Photo: Andrew Butko СС-BY-SA 3.0
Extremists have hijacked the Anti-Maidan protests in South-Eastern Ukraine and their extremism and ultra-nationalism are fomenting violence and hatred writes Anton Shekhovtsov
When masked men distributed anti-semitic flyers in the Eastern Ukrainian city of Donetsk, some international media outlets rather too hastily assumed that they were a hoax. The incident is still being investigated, so a definite conclusion cannot yet be reached. But even if the flyers are deemed to be a fake, the problem of anti-semitism, racism and homophobia inherent in some elements of the social unrest in Eastern Ukraine remains very real.
Allies of the now ousted president Viktor Yanukovych launched Anti-Maidan in Eastern and Southern Ukraine in late November 2013 as a response to Kyiv’s Euromaidan protests. But Maidan was a grassroots movement, whereas Anti-Maidan was a top-down initiative with protesters sometimes receiving remuneration for their participation. This was especially true of the four large Anti-Maidan rallies held in Kyiv between November 2013 and January 2014. Anti-Maidan organised many fewer protests than Euromaidan and they had started to die out long before Yanukovych fled from Ukraine to Russia.
However, the victorious Maidan revolution re-energised Anti-Maidan, which split into three different, but sometimes overlapping, movements: (1) protest groups mobilised by social grievances; (2) supporters of Ukraine becoming a federal state; and (3) Russian ultra-nationalists pursuing separatist ideas. They overlap because some of the activists mobilised by social grievances may support the federalisation of Ukraine (by which some actually mean joining Russia in the medium term), in contrast to pro-Russian separatists who insist on the immediate annexation of their region by Russia, as happened with the Autonomous Republic of Crimea.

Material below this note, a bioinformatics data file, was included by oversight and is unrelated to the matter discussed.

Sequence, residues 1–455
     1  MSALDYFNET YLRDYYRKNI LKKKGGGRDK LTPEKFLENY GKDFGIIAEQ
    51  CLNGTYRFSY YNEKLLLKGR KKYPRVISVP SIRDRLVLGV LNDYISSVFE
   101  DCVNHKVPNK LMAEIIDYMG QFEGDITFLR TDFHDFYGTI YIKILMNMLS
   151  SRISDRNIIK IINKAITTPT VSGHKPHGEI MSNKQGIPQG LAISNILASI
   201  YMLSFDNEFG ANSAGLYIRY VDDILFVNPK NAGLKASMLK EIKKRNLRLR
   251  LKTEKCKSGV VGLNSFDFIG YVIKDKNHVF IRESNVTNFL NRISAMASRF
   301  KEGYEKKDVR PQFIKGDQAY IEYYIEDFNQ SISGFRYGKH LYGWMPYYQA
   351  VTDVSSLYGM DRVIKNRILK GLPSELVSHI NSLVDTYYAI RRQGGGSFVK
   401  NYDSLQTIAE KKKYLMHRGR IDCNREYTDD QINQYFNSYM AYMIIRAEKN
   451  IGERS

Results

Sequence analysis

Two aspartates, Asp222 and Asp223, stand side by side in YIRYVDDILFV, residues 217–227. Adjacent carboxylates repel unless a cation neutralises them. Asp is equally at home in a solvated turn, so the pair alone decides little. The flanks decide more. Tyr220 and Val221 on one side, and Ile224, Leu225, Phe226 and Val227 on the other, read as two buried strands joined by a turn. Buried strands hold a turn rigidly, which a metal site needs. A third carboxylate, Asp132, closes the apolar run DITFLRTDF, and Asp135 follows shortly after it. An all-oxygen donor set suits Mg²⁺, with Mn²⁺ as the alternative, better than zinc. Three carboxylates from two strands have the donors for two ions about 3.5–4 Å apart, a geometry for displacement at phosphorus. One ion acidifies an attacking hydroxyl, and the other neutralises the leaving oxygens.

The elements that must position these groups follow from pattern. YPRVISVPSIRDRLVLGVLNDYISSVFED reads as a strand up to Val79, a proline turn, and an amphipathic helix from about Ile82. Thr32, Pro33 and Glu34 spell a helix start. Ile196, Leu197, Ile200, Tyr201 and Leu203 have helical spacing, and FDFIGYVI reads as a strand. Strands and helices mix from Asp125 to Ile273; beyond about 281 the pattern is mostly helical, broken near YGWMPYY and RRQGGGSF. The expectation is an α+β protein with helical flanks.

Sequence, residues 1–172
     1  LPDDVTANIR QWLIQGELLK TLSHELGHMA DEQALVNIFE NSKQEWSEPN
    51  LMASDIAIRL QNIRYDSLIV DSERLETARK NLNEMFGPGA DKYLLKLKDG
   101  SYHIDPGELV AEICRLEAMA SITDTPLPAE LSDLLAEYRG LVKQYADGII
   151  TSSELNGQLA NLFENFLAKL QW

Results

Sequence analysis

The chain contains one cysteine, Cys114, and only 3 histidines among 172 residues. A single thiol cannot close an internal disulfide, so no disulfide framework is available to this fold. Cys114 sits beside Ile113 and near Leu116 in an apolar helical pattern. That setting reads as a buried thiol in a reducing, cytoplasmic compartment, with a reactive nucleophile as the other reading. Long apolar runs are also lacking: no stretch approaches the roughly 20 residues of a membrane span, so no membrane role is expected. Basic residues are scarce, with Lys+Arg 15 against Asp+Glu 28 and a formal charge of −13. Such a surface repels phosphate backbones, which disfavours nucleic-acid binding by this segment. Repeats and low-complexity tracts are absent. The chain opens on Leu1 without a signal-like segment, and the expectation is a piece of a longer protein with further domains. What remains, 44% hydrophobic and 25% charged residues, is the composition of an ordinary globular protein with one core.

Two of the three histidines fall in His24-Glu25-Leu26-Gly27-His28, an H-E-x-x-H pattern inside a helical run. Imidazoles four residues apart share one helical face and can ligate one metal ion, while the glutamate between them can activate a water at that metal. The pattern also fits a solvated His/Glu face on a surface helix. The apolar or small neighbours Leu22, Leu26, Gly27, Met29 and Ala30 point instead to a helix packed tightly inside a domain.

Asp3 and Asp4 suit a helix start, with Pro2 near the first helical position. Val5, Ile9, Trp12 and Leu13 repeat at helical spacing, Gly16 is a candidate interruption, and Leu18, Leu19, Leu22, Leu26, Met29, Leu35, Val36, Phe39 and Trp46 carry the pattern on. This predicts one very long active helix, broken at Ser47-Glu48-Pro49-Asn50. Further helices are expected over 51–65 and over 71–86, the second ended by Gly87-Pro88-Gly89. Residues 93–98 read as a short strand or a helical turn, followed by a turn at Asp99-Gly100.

The larger part of the post-Yanukovych Anti-Maidan movement is rooted in almost the same attitudes that underpinned Maidan, especially after the original pro-EU protests, focusing on a limited number of social demands, evolved into the Ukrainian revolution. Despite the different triggers, Maidan and post-Yanukovych Anti-Maidan were responses to socio-economic inequalities, unemployment, corruption, crime and a flawed justice system.
The major difference between these movements, however, is that they are dominated by two different narratives and offer two different solutions to their grievances. In inevitably idealised terms, Maidan’s narrative is democratic, while Anti-Maidan’s is authoritarian. Maidan suggests that social grievances can be addressed through closer cooperation with the democratic EU and the West in general, while Anti-Maidan believes that socio-economic problems can be tackled by closer cooperation with authoritarian Russia. Where relations with Russia are concerned, the more radical part of Maidan suggests enforcing a visa regime between the two countries, while radicals in Anti-Maidan insist that their region should become part of Russia. The more radical elements of Anti-Maidan are characterised by different linguistic preferences and choice of media as sources of information; their pro-Russian, anti-Western sentiments are rooted in the lower geographical mobility of Eastern Ukrainians. According to an opinion poll conducted in 2013, only 13.2% of Eastern Ukrainians have ever been to the West (EU, USA or Canada), a lower figure than for Ukraine as a whole, where the average is 20.6%. (more…)
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Tags: Aleksandr Dugin, Anti-Maidan, anti-semitism, Berkut, Crimea, Dnipropetrovsk, Donetsk, Eleonora Groisman, Eurasianism, Euromaidan, Kharkhov, Kharkiv, Lugansk, Luhansk, Lyndon LaRouche, Maidan, Natalya Vitrenko, National Bolshevik Party, Odessa, Pavel Gubarev, Progressive Socialist Party of Ukraine, Russia, Russian National Unity, Savik Shuster, Sergei Aksionov, Slovyansk, Stepan Bandera, Stepan Pashinskiy, Ukraine, Viktor Yanukovych, Vitaliy Zakharchenko, Vyacheslav Ponomaryov
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